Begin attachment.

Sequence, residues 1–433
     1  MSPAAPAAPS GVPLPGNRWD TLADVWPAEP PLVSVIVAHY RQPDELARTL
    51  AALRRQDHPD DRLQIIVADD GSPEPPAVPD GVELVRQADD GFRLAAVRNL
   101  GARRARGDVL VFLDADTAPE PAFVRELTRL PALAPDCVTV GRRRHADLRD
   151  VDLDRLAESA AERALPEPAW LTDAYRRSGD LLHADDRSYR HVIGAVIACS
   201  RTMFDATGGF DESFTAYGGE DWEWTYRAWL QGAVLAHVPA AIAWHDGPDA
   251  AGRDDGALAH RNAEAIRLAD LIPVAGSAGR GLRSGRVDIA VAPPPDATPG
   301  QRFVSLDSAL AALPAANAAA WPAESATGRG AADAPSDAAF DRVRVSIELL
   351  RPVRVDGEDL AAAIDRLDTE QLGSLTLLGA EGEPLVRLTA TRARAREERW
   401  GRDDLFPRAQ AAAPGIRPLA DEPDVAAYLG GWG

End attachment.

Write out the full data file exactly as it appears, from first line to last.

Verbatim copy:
Sequence, residues 1–433
     1  MSPAAPAAPS GVPLPGNRWD TLADVWPAEP PLVSVIVAHY RQPDELARTL
    51  AALRRQDHPD DRLQIIVADD GSPEPPAVPD GVELVRQADD GFRLAAVRNL
   101  GARRARGDVL VFLDADTAPE PAFVRELTRL PALAPDCVTV GRRRHADLRD
   151  VDLDRLAESA AERALPEPAW LTDAYRRSGD LLHADDRSYR HVIGAVIACS
   201  RTMFDATGGF DESFTAYGGE DWEWTYRAWL QGAVLAHVPA AIAWHDGPDA
   251  AGRDDGALAH RNAEAIRLAD LIPVAGSAGR GLRSGRVDIA VAPPPDATPG
   301  QRFVSLDSAL AALPAANAAA WPAESATGRG AADAPSDAAF DRVRVSIELL
   351  RPVRVDGEDL AAAIDRLDTE QLGSLTLLGA EGEPLVRLTA TRARAREERW
   401  GRDDLFPRAQ AAAPGIRPLA DEPDVAAYLG GWG